Held: Reclaiming motion allowed (Lady Paton dissenting in part). (1) None of the three elements of mora, taciturnity and acquiescence had been made out: it was apparent throughout the period after the critical decision was made that a legal challenge was in the offing, and after intimation of M's claim, he was actively engaged in securing legal aid to pursue it. (2) There was no need for S to apply the principles in s.1 of the 2003 Act where there was a distinction to be made between a particular patient's care and treatment, including the security conditions under which he was detained, and a hospital's general management; in the absence of evidence that smoking was a component part of M's medical care plan, the question whether he, or any other patient, should be permitted tobacco or allowed to smoke was a matter for S, exercising their management powers under the National Health Service (Scotland) Act 1978, and did not involve the discharge of a function under the 2003 Act. (3) S's concession in L v Board of State Hospital [2011] CSOH 21, 2011 S.L.T. 233, to the effect that in making decisions about patients' management and welfare it was under a duty to apply the 2003 Act principles, was not wholly accurate as these principles had only to be applied when the decisions concerned particular patients' care and treatment or security conditions and other related matters as covered by the 2003 Act, L, considered. (4) M had standing to challenge by judicial review any management decision by S which gave him reasonable concern, even if it was not one affecting his civil right or patrimonial interests. (5) The court could neither agree with the Lord Ordinary's view that S's actings were contrary to government policy, nor his view that the decision to build a smoke free hospital was questionable in terms of the legal or policy context, or that it put it beyond their power to take advantage of the exemption for psychiatric institutions. (6) It was not appropriate for the court to go behind a conclusion reached by professionals who were experts in the field by saying, as the Lord Ordinary appeared to have done, that a partial smoking ban was workable so far as M was concerned: it was not practical to suggest that M alone would be allowed to smoke in the absence of any clinical imperative, and there was nothing to suggest that the consultation carried out during the partial ban had not been meaningful. (7) There was no reason to hold that S's decision was unlawful because of the process adopted, any irrationality, or any fault in the reasons given. (8) Detained persons enjoyed the same rights under the Convention as others except in so far as a restriction fell within the scope of lawful detention in terms of art.5, or was a necessary consequence of such detention, thus in order to constitute a violation of art.8, the conditions of detention founded upon had to be more restrictive than those inherent in an otherwise lawful detention, Munjaz v United Kingdom (2913/06) [2012] M.H.L.R. 351, applied. (9) S's decision represented a restriction consequent upon patients' lawful detention in terms of art.5, and M's right to respect for private life extended only to protection against interference beyond the concomitants thereof. Per Lady Paton, dissenting in part, (1) that smoking was such an addictive activity that it was very much part of an individual's personal autonomy, thus art.8 was engaged but bearing in mind the nature of the mental disorders suffered by state hospital patients, the types of item required to smoke, the degree of organisation and supervision required to enable patients to smoke without harming themselves or others, and the prejudicial effect for some patients of the interaction of the smoking and their medication and of secondary cigarette smoke upon non-smokers, the smoking ban imposed by S was necessary in the interests of public safety, the prevention of crime, and for the protection of health; (2) that relative comparators for art.14 purposes would be other NHS hospitals and their patients, where smoking was completely banned, thus there had been no discrimination. Opinion, (1) that the Lord Ordinary had been correct in holding that, if the 2003 principles did apply, they had not been complied with; (2) that the Lord Ordinary's opinion that the smoke free policy was imposed on mental health detainees and not prisoners because the former were not in a position to defend themselves was without foundation; (3) that since art.8 was not engaged, its potentially discriminatory application under art.14 did not arise but had art.8 been engaged, in assessing any form of discrimination, a comparison with prisons would not have been appropriate; (4) that there being no violation of art.8 or 14, the question of damages did not arise but had it been decided that the smoking ban had violated M's Convention rights, the Lord Ordinary's decision, that a finding of breach alone was the just and appropriate remedy, would have been upheld.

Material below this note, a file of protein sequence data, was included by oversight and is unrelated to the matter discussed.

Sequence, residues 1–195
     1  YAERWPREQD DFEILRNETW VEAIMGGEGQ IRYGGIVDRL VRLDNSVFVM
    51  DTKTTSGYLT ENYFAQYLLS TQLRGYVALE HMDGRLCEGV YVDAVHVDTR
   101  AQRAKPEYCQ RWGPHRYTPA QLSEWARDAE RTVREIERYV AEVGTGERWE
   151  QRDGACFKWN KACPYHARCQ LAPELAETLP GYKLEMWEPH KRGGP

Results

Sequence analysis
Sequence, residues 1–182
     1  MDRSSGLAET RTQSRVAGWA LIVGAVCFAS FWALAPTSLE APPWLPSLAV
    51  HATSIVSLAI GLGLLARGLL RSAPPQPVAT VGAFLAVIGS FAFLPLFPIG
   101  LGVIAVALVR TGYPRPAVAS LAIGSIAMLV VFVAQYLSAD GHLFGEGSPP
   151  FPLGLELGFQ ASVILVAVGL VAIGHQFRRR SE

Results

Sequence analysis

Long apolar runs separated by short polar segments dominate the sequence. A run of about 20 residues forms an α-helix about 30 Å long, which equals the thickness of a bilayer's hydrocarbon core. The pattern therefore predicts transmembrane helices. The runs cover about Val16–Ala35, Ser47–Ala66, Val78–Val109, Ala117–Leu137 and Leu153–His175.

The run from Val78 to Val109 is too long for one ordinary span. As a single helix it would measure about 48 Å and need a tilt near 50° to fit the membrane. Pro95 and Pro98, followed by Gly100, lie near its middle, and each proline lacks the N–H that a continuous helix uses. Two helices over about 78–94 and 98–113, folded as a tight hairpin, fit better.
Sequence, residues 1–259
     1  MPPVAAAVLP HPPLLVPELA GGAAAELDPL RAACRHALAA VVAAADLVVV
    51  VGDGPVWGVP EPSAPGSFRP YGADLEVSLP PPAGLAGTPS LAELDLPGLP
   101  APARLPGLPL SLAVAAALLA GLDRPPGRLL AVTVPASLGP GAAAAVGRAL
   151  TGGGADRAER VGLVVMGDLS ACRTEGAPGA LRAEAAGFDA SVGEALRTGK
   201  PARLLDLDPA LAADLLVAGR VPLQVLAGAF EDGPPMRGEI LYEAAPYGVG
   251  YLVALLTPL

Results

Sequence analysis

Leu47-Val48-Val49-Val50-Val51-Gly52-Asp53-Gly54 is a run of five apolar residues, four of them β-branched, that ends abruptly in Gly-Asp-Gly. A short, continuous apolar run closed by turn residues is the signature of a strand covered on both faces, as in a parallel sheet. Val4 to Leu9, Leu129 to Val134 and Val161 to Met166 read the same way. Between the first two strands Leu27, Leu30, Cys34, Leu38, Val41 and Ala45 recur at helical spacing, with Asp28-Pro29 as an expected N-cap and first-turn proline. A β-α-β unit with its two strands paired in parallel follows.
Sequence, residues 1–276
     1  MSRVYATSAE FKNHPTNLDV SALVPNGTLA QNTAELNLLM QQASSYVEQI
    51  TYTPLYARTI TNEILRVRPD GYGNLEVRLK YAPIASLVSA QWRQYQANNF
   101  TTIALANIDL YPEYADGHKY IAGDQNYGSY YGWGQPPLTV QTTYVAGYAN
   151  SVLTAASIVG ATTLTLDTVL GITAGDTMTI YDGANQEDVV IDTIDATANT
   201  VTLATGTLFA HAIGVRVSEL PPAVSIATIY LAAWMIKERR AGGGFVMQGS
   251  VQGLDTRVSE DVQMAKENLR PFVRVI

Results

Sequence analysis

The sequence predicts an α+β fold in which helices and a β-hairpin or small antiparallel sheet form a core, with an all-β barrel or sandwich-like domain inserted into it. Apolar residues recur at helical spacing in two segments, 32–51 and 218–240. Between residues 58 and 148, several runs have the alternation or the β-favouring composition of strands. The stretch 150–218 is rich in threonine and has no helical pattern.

Johnstone v Scottish Ministers [2015] CSOH 121; 2015 G.W.D. 30-496